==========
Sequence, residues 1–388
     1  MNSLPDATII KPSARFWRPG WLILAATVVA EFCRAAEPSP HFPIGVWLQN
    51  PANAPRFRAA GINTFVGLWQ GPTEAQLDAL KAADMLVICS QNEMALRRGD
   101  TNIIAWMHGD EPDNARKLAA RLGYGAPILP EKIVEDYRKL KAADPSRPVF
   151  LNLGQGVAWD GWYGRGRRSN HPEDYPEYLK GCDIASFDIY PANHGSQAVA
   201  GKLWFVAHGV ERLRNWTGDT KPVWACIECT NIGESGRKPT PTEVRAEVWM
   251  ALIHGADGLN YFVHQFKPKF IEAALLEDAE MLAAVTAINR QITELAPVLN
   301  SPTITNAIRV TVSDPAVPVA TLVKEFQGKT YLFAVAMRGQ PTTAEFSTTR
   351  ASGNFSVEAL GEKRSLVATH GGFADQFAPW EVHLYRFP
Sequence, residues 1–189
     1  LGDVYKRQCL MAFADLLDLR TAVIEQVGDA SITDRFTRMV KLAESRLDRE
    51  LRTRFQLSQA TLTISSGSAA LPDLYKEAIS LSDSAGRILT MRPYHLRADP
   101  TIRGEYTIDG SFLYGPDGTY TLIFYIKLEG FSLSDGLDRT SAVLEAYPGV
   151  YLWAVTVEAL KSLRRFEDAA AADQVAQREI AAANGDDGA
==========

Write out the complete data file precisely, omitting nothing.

Sequence, residues 1–388
     1  MNSLPDATII KPSARFWRPG WLILAATVVA EFCRAAEPSP HFPIGVWLQN
    51  PANAPRFRAA GINTFVGLWQ GPTEAQLDAL KAADMLVICS QNEMALRRGD
   101  TNIIAWMHGD EPDNARKLAA RLGYGAPILP EKIVEDYRKL KAADPSRPVF
   151  LNLGQGVAWD GWYGRGRRSN HPEDYPEYLK GCDIASFDIY PANHGSQAVA
   201  GKLWFVAHGV ERLRNWTGDT KPVWACIECT NIGESGRKPT PTEVRAEVWM
   251  ALIHGADGLN YFVHQFKPKF IEAALLEDAE MLAAVTAINR QITELAPVLN
   301  SPTITNAIRV TVSDPAVPVA TLVKEFQGKT YLFAVAMRGQ PTTAEFSTTR
   351  ASGNFSVEAL GEKRSLVATH GGFADQFAPW EVHLYRFP
Sequence, residues 1–189
     1  LGDVYKRQCL MAFADLLDLR TAVIEQVGDA SITDRFTRMV KLAESRLDRE
    51  LRTRFQLSQA TLTISSGSAA LPDLYKEAIS LSDSAGRILT MRPYHLRADP
   101  TIRGEYTIDG SFLYGPDGTY TLIFYIKLEG FSLSDGLDRT SAVLEAYPGV
   151  YLWAVTVEAL KSLRRFEDAA AADQVAQREI AAANGDDGA